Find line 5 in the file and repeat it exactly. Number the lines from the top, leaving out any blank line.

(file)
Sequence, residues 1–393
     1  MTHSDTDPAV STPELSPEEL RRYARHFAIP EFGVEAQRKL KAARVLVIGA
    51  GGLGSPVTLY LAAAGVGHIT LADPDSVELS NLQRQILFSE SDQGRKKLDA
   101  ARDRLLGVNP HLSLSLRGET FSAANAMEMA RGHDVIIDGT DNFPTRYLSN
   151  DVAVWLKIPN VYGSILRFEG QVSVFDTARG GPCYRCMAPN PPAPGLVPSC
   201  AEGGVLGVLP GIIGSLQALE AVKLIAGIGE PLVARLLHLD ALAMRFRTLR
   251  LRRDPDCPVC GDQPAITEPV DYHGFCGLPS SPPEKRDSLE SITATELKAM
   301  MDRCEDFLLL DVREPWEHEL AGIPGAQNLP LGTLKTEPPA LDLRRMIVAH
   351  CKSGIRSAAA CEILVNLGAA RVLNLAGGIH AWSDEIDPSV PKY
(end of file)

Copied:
   151  DVAVWLKIPN VYGSILRFEG QVSVFDTARG GPCYRCMAPN PPAPGLVPSC